Almost every modern computer has a dedicated menu to choose where from should the system boots. If not, there is an option in BIOS/UEFI to change that. But what if both options failed for some reason?
The Internet is teeming with services you can take advantage of. You can store your files in the cloud, share movies, organize photo collections, talk with friends, manage your projects and so on. It also means that your data is stored outside your computer and you don’t have full control over it.
You may use self-hosted counterparts of services. Instead of accepting vague privacy policies, you may set the rules. However, you are fully responsible for sustaining your data.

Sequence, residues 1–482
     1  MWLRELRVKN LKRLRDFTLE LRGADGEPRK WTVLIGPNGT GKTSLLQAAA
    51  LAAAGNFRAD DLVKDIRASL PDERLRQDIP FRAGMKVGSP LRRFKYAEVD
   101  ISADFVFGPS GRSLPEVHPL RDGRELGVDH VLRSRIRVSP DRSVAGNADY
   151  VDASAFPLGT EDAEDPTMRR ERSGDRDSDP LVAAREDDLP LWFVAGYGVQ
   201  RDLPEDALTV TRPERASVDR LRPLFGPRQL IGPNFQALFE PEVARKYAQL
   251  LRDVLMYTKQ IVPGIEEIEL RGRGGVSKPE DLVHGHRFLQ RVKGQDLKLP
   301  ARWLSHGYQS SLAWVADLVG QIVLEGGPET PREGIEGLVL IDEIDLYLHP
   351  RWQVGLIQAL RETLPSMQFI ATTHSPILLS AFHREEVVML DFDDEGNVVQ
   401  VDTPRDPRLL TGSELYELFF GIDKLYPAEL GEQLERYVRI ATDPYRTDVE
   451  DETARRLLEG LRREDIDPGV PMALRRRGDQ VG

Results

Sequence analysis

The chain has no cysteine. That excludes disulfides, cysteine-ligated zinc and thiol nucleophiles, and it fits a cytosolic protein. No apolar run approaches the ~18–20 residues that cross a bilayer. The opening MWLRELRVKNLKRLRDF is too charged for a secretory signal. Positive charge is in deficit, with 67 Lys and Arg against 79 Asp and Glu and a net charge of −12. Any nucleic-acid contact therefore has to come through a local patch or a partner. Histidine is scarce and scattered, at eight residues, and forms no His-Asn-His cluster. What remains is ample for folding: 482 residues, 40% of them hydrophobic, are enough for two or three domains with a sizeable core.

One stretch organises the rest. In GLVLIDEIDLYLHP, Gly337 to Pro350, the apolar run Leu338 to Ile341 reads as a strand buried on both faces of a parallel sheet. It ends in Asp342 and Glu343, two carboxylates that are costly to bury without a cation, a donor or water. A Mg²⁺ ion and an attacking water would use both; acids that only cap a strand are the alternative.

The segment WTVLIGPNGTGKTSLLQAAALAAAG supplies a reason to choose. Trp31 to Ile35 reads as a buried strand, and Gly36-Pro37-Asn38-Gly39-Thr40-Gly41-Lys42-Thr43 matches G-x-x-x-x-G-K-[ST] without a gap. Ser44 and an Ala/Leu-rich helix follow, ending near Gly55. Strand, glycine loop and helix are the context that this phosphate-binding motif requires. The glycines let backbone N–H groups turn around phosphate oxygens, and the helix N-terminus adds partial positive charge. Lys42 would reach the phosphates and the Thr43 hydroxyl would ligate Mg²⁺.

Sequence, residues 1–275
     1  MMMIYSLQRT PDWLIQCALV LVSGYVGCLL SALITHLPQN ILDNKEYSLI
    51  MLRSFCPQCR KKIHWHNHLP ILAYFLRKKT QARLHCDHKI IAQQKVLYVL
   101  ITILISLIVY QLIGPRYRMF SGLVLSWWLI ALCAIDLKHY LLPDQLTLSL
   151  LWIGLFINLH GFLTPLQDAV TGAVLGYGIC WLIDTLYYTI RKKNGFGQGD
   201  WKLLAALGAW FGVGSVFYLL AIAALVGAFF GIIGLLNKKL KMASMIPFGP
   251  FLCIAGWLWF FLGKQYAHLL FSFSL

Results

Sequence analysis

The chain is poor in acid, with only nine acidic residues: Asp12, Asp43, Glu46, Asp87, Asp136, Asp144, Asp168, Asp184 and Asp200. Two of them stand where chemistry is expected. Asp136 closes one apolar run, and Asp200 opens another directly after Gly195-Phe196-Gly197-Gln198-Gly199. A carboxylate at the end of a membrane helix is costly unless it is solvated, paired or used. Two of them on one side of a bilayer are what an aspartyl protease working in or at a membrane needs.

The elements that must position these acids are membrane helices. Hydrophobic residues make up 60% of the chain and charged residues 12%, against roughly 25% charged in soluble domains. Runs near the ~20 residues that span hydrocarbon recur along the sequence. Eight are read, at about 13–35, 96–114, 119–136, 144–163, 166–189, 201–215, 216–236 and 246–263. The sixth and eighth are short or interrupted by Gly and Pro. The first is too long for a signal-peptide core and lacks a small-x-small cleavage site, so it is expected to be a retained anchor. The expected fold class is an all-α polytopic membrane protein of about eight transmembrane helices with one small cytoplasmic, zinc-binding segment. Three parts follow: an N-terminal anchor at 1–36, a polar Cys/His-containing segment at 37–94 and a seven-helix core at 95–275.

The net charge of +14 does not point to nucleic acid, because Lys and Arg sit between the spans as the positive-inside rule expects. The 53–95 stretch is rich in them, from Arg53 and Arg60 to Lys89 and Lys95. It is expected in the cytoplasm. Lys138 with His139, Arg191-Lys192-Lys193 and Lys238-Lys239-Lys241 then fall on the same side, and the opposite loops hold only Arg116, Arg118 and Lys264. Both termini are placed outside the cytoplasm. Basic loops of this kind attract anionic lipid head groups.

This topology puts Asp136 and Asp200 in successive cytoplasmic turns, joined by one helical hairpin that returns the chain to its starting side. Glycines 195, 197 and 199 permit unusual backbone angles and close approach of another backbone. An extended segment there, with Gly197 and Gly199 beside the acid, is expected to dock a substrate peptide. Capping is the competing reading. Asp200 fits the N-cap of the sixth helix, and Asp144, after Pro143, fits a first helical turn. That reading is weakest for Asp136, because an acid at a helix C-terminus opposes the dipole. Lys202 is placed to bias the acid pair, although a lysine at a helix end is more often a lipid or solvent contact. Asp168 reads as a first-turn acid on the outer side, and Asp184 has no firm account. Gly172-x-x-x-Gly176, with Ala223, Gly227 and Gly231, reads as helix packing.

I used to consider self-hosted services as a privacy-respective and cheap alternatives of popular services. The former is true, however, the latter factor is often far-fetched.
I remember this time when I discovered Vagrant. The magic behind this tool and the general idea of scaffolding the whole environment using single command was pretty genius. Moreover, I had programmed on Windows and thankfully I could get rid of the XAMP and any other Windows-oriented web server packages.
In my previous job, my boss showed me a tool called Docker. I instantaneously got the point of the concept behind it and I started exploring the big universe of the possibilities of use. In this article, I’m going to show the most common use-case for docker – a proposed local environment suited for PHP application development.
This article is devoted to the configuration rather than explanation what the Docker really is. I would like to show the actual use-case rather than showing my point of view – I’ll follow it in one of the next articles.